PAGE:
SuperSide Me At Any Size

SuperSide Me At Any Size

This summer, I released my first premium plugin, SuperSide Me. It’s an app style, or side menu for WordPress, really intended to make websites mobile friendly, regardless of how complex their menu structure might be.

However, I’ve had a few questions about whether it’s possible to use SuperSide Me at all widths, both desktop and mobile, because the panel style menu is pretty fun. The answer is absolutely yes, and, if you’re willing to get your hands a teensy bit dirty, really rather easy.

SuperSide Me includes filters to modify the plugin’s behavior. By default, all menu locations on your site (such as primary, secondary) will be hidden at the width of the site where the menu functionality kicks in–the default is 800px. There is really only one place where this width matters, and that is in the CSS which controls hiding/showing the regular navigation menus, and showing the SuperSide Me menu button.

Step One: Modify the Default CSS

My tutorial is using the Altitude Pro theme from StudioPress (affiliate link), although you could apply this to pretty much any theme you can think of. So we can use the filter, and change the output to be width-agnostic:

<?php
// Do NOT include the opening tag!
add_filter( 'supersideme_modify_display_css', 'altitude_full_width_supersideme' );
function altitude_full_width_supersideme( $display_css ) {
$display_css = '
nav, #nav, .nav-primary, .nav-secondary, .site-header .secondary-toggle { display: none; }
.slide-nav-link { display: block; }';
return $display_css;
}
view raw functions-01.php hosted with ❤ by GitHub

At this point, you could sit back and relax, because your work could be done. Truly.

Step Two: Polish It a Little

However, this is a tutorial, so I’d rather make sure you have access to more options than not. Additionally, because Altitude Pro’s .site-header is fixed (or glued) to the top of the site, if you stopped here, you wouldn’t actually be able to use your navigation menu or button, because it’s hidden behind the theme’s header. So, let’s utilize another filter:

<?php
// Do not include opening tag!
add_filter( 'supersideme_navigation_options', 'altitude_modify_supersideme_options', 10, 2 );
function altitude_modify_supersideme_options( $side_tweaks ) {
$side_tweaks['position'] = 'absolute'; // lock the button postion within its parent element
$side_tweaks['width'] = 'auto'; // instead of 100% width
$side_tweaks['displace'] = false; // the side panel will slide over the site instead of pushing it
$side_tweaks['location'] = '.site-header .wrap'; // the menu button will hook into the .site-header div instead of being added to the body (default)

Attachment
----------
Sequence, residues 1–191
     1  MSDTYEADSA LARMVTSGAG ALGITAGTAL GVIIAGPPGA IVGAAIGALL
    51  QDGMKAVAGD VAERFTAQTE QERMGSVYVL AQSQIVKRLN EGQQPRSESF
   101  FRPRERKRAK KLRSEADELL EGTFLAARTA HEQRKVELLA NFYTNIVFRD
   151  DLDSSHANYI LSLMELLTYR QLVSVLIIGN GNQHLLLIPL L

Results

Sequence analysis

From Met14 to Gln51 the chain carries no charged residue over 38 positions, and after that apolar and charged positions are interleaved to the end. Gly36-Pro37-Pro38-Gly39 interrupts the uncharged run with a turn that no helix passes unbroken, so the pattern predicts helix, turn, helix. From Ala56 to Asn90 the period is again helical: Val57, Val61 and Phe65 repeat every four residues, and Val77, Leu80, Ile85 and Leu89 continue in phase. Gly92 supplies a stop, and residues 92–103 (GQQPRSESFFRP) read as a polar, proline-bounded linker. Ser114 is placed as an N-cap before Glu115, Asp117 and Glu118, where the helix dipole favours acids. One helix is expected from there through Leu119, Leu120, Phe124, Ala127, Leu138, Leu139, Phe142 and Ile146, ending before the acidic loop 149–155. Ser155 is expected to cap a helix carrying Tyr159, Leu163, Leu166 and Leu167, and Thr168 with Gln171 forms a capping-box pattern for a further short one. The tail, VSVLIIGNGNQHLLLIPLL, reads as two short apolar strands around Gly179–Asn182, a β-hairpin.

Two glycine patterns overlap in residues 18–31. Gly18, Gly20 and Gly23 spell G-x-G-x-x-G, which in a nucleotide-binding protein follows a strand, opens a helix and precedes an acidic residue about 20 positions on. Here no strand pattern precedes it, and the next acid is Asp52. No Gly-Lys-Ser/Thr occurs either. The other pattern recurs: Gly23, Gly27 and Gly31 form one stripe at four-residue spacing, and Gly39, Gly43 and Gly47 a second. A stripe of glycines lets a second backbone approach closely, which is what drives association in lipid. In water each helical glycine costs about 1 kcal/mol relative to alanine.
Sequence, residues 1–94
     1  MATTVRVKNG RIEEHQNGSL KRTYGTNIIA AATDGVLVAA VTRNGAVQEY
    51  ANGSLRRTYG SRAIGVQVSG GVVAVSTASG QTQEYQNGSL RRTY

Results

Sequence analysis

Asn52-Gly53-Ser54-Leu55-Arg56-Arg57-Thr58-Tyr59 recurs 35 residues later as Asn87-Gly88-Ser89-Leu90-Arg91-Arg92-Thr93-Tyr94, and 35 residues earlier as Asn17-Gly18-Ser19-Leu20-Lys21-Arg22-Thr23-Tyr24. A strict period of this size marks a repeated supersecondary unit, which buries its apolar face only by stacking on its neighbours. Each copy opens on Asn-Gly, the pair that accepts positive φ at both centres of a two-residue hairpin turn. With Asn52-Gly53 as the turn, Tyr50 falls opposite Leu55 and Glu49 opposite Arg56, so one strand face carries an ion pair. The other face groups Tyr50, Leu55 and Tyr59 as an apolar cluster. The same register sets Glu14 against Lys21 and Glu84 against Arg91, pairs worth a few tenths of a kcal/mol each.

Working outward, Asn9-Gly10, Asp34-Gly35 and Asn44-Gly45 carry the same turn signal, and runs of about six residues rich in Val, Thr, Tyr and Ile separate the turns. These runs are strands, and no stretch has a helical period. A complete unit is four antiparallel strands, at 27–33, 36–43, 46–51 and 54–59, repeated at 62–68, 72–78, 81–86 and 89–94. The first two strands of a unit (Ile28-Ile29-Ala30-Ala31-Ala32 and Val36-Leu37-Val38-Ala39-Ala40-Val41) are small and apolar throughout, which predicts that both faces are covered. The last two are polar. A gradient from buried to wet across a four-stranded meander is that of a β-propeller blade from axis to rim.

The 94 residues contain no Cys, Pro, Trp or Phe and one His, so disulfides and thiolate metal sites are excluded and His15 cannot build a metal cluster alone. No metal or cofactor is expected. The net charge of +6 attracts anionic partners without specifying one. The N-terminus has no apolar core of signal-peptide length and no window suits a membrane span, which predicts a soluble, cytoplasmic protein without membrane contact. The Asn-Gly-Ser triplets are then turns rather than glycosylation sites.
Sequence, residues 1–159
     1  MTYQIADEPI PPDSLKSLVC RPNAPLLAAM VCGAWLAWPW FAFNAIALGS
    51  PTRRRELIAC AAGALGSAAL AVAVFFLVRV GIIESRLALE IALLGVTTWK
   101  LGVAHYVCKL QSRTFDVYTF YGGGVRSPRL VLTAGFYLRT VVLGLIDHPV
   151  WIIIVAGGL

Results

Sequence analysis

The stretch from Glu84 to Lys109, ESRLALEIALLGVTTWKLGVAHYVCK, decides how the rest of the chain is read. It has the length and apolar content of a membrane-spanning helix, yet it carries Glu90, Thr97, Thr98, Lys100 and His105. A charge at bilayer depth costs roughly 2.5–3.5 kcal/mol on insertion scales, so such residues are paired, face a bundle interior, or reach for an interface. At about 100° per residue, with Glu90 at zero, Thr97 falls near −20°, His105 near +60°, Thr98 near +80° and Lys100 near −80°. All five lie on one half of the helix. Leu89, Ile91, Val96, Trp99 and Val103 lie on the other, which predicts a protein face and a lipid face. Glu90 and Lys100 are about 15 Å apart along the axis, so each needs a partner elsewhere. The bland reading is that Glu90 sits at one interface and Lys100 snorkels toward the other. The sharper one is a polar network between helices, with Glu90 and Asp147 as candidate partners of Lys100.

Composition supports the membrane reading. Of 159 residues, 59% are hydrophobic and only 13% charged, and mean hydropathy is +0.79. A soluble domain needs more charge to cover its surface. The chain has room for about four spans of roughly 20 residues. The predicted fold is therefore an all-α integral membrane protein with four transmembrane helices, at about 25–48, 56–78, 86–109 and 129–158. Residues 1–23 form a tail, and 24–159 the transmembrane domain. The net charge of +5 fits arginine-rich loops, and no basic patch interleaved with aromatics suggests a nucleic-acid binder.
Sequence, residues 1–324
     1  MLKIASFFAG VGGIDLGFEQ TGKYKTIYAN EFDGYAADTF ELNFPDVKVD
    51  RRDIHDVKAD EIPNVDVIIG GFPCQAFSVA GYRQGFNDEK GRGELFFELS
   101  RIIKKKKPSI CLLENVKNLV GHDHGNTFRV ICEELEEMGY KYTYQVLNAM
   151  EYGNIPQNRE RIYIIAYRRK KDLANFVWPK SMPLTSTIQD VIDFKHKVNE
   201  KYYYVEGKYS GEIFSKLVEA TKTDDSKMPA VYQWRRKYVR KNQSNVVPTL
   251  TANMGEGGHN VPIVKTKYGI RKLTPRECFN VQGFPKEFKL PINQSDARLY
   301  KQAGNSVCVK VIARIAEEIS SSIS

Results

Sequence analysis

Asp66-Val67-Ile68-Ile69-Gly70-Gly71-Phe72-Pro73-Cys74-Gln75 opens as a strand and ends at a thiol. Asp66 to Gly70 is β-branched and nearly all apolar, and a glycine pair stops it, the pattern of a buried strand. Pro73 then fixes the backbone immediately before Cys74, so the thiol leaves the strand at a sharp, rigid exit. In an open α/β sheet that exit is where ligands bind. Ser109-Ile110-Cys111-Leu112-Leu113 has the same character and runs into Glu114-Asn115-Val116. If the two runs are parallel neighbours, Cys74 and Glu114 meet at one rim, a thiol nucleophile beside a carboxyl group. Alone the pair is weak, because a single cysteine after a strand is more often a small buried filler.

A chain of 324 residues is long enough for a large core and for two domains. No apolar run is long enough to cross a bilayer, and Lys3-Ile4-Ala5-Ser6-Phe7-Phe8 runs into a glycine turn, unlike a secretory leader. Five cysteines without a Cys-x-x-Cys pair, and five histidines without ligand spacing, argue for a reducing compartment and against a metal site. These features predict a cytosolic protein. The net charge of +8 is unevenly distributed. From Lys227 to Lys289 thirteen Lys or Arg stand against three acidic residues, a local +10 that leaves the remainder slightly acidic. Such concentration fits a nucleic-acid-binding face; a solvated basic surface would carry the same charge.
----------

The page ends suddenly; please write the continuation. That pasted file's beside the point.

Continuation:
$side_tweaks['closeevent'] = '.menu-close, a[itemprop="url"]:not(.sub-menu-toggle)'; // change what causes the SuperSide Me panel to close (useful mostly if you have on page anchor links in your menu)
$side_tweaks['button_color'] = 'transparent'; // optional, so it has no color
$side_tweaks['background'] = 'rgba(0,0,0,.8)'; // optional, to give the menu panel some transparency
return $side_tweaks;
}
view raw functions-02.php hosted with ❤ by GitHub

This is actually a small representation of a filter with a lot of options. We’re using the filter for just a few things:

  1. position: relative by default–setting it to absolute can make it easier to insert into a specific location, such as the header area.
  2. width: 100% by default–this ensures the button will be the width of its content
  3. displace: the menu panel will slide over on top of the site, rather than pushing it out of the way (I do this because Altitude Pro has some elements which won’t naturally move over on their own with the rest of the site–it’s possible to make it happen, but more than I care to go into here)
  4. location: by default, the menu button is added to the beginning of the <body> … because every site has this, regardless of theme. I’m moving the button to the .site-header .wrap, so that it’s part of that element which is already fixed in place.
  5. closeevent: this is a filter which I doubt many people will ever need. I’ve added it here because Altitude Pro uses on page anchor links for the front page, to scroll the page down to a specific section. Because the page isn’t reloading, the menu panel won’t close on its own, but changing this line tells us that when any menu item is clicked, to go ahead and close the menu panel.
  6. button_color: this lets me remove the background color from the button, which is a nice touch with this theme.
  7. background: totally optional, but this way I can make the menu panel translucent, which is a nice touch since it’s sliding over the website content behind it.

Step Three: Check Your Settings

Theoretically, you’d have already done this bit, which is to just scan over the SuperSide Me settings page and make sure that the menu headings and colors are the way you’ll want them. Changing the width here won’t make a difference, because your filter will override it.

Step Four: Style It a Little

I added just a couple of styling rules to Altitude’s stylesheet to finesse the look of things a bit:

/* Altitude Pro Full Width SuperSide Me Tweaks
--------------------------------------------------------- */
.site-header .wrap {
position: relative;
}
.site-header.dark .slide-nav-link {
margin: 0;
}
.slide-nav-link {
margin: 12px 0;
}
.menu-close:hover {
border: none;
}
@media only screen and (max-width: 1023px) {
.slide-nav-link {
margin: 2px 0;
}
}
view raw style.css hosted with ❤ by GitHub

At this point, if you click that menu button, you’ll get this (note that I have a second menu loaded as well):

Side Panel Menu Open on Desktop (SuperSide Me)

So that’s it. Even though SuperSide Me is intended to make mobile menus easy, you can also use it for your entire site, at any size to have a slick, sliding side menu.

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